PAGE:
Like bacon and pancetta, guanciale has a high fat to meat ratio. This translates into a meltingly tender texture with a deep, sweet-savory pork flavor. If pressed, we’d say guanciale has a richer flavor and a softer texture than either bacon or pancetta. It just seems to be somehow more than either one.
Guanciale is a knock-out in many traditional Italian dishes like pasta carbonara and bucatini all’amatriciana. We also like it cut into large chunks, crisped up in a pan, and added to salads, like in this recipe for Kale and Pig Cheek Salad. It can also be used in a slow-cooked ragout or stew. Guanciale won’t be the star ingredient, but just a little will deepen the other flavors and add that little extra something special.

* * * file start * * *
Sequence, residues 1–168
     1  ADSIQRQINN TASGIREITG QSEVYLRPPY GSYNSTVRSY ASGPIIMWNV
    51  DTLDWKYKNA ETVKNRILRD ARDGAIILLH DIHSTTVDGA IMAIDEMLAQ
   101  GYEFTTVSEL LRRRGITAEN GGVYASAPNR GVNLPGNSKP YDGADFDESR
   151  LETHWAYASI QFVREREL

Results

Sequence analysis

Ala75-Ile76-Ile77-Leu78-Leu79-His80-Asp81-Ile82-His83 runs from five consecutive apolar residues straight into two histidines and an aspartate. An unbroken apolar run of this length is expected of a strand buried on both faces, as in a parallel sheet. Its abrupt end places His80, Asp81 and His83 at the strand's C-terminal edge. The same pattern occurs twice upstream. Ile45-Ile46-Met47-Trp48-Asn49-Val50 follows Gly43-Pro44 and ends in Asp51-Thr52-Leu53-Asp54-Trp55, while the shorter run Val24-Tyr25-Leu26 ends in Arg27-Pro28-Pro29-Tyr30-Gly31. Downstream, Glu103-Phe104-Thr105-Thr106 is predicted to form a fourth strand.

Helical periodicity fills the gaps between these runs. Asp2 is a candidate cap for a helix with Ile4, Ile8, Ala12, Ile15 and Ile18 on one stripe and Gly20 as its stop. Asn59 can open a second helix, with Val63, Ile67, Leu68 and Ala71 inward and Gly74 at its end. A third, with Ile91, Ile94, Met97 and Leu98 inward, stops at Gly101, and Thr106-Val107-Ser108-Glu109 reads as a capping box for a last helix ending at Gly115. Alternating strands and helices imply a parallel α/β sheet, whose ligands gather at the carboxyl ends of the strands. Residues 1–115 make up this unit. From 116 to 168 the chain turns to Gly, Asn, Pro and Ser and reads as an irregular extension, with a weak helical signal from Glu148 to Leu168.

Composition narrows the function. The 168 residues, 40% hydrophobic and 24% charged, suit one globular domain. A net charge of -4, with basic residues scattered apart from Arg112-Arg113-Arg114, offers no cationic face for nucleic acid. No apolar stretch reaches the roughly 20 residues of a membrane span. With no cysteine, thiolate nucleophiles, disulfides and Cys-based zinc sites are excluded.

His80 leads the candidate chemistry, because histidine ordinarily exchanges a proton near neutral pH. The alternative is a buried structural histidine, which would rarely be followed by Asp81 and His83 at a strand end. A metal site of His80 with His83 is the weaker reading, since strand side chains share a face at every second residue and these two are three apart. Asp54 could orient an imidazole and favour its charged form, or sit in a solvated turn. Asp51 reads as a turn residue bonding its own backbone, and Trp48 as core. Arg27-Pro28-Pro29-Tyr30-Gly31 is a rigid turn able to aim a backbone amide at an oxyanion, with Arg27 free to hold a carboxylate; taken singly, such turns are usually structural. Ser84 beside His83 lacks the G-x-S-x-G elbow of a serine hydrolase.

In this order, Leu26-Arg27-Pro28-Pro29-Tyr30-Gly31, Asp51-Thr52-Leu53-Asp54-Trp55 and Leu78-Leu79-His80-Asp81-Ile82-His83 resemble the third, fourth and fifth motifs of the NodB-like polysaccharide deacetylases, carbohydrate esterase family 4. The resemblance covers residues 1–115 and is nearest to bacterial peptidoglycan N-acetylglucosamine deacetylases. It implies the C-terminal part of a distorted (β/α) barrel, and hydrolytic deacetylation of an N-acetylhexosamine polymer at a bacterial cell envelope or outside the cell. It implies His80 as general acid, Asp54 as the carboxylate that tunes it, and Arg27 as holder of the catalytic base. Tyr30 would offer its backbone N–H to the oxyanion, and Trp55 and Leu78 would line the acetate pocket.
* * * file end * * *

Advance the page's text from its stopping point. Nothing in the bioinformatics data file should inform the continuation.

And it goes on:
Guanciale can still be pretty hard to find. Ask for it at your local butchers and specialty food stores. It’s normally sold whole, which we like because then we have the freedom to cut it into whatever sized pieces we want. Guanciale is also typically unsmoked, but smoked varieties are delicious if you ever come across them!
Do you love guanciale? How do you like to use it?
(Image: Salumi Artisan Cured Meats)